REVIEW / CONCERT
VCH ORGAN SERIES - MARGARET CHEN STRING ORCHESTRA
Loh Jun Hong and Gabriel Ng, violins; Margaret Chen, organ; Joshua Tan, conductor
Victoria Concert Hall/Sunday
Organised chaos seems the best way of describing Alfred Schnittke's Concerto Grosso No. 1.
With all 24 players on the Victoria Concert Hall stage appearing to be doing their own thing and Shane Thio eagerly jumping from prepared piano to harpsichord and back again, occasional glimpses of identifiable musical ideas did burst through, like flames licking out of a nearly extinguished fire, but were immediately smothered by the mass of orchestral sound.
No wonder a good portion of the audience was profoundly perplexed.
Conductor Joshua Tan kept it tightly under control, but at the expense of the music's essential humour. Schnittke's score is renowned for its sense of the comic, but for these well-drilled musicians, this was all deadly serious stuff. Even Thio's silly little harpsichord tango failed to raise a smile.
Technically, there was extremely impressive playing all round, but the two violin protagonists, Loh Jun Hong and Gabriel Ng, were in a class of their own.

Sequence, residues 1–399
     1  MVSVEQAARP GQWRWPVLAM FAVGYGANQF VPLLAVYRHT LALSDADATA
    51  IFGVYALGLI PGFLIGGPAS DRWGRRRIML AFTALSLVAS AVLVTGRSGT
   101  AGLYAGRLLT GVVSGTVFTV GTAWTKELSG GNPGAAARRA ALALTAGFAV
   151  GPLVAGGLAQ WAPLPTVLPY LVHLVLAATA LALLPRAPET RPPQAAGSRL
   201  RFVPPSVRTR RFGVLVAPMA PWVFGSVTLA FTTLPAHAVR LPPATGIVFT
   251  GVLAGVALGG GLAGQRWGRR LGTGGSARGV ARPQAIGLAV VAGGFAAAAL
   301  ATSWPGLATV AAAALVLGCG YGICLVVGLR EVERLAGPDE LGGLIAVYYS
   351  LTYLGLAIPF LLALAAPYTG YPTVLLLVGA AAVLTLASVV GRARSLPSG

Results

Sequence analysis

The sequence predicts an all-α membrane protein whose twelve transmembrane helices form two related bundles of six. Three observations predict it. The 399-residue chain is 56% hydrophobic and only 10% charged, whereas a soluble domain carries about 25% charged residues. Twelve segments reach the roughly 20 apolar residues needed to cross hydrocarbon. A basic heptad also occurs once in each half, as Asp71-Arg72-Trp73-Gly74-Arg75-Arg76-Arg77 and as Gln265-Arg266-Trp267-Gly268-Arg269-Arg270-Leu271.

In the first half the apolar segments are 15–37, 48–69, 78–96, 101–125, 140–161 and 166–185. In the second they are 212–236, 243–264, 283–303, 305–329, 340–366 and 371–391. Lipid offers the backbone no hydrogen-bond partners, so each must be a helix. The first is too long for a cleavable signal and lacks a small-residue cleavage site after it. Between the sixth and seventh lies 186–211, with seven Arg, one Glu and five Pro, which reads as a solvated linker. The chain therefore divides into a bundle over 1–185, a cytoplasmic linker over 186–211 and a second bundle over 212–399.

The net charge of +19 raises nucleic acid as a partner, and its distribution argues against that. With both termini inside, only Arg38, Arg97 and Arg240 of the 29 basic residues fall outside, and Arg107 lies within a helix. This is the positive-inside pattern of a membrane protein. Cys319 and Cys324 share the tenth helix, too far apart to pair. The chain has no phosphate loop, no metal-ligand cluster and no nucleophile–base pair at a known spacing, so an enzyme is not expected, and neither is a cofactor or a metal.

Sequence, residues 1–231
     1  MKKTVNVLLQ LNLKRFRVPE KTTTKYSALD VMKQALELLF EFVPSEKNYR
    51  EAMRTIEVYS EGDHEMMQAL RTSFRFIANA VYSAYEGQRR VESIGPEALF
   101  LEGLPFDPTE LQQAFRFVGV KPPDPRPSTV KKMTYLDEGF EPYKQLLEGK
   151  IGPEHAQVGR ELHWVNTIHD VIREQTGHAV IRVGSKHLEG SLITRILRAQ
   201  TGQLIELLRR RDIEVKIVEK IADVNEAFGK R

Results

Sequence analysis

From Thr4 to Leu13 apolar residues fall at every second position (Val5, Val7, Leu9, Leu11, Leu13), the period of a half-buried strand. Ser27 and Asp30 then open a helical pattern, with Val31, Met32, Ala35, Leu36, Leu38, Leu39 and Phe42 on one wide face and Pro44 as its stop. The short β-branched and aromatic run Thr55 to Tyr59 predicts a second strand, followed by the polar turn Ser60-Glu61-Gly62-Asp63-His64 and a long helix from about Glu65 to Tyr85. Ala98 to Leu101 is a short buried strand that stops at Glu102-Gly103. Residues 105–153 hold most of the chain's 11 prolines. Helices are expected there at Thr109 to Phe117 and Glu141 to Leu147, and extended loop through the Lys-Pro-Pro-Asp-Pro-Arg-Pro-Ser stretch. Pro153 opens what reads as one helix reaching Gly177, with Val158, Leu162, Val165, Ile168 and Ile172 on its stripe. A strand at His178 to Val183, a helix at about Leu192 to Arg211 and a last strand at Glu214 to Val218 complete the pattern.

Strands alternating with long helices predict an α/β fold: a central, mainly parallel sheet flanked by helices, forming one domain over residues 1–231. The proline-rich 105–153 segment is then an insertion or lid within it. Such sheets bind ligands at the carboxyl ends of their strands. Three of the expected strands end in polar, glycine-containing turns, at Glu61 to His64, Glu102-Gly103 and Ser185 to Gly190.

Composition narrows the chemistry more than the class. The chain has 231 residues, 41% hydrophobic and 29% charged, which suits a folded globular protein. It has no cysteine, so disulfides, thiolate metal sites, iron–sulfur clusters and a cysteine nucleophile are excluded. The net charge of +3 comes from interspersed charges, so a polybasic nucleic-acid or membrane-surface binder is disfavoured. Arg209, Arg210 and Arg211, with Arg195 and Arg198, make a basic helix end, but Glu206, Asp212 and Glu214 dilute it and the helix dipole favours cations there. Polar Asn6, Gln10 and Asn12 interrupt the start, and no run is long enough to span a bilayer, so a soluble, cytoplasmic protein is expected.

Working in perfect partnership, they created a tangible feeling of unity and comradeship. Such close working relationships were not always evident elsewhere in the programme.
Margaret Chen and her accomplice had some fundamental disagreements over Bach's great Passacaglia and Fugue.
While Chen played the notes, the accomplice pushed out and pulled in the stops, manipulated the foot pedals and generally flitted around the organ like an over-attentive housemaid.
More than once, they bumped into each other - Chen would be merrily playing something sweet and charming when, suddenly, all hell broke out in the pipe department as a cluster of stops was drawn out unexpectedly. This clearly disconcerted Chen, who stumbled and spluttered until equilibrium was restored.
However, while it was by no means note-perfect, this was a performance driven by an intense communicative urge and searing sense of purpose. If to achieve such musical rewards, Chen needed to sacrifice some of her technical polish, it was a sacrifice well worth making.
Handel's Organ Concerto In B Flat Major also suffered from a breakdown in partnership, this time the almost inevitable consequence of the logistical nightmare of coordinating an orchestra on stage with the Victoria Concert Hall organ stuck against the wall with its back to the orchestra.
Chen did much to bring colour and variety to the solo part, while Tan made earnest attempts to keep it all together.
The end result was, though, decidedly furry around the edges, and there were moments when organ and orchestra were so out of sync that it came close to chaos.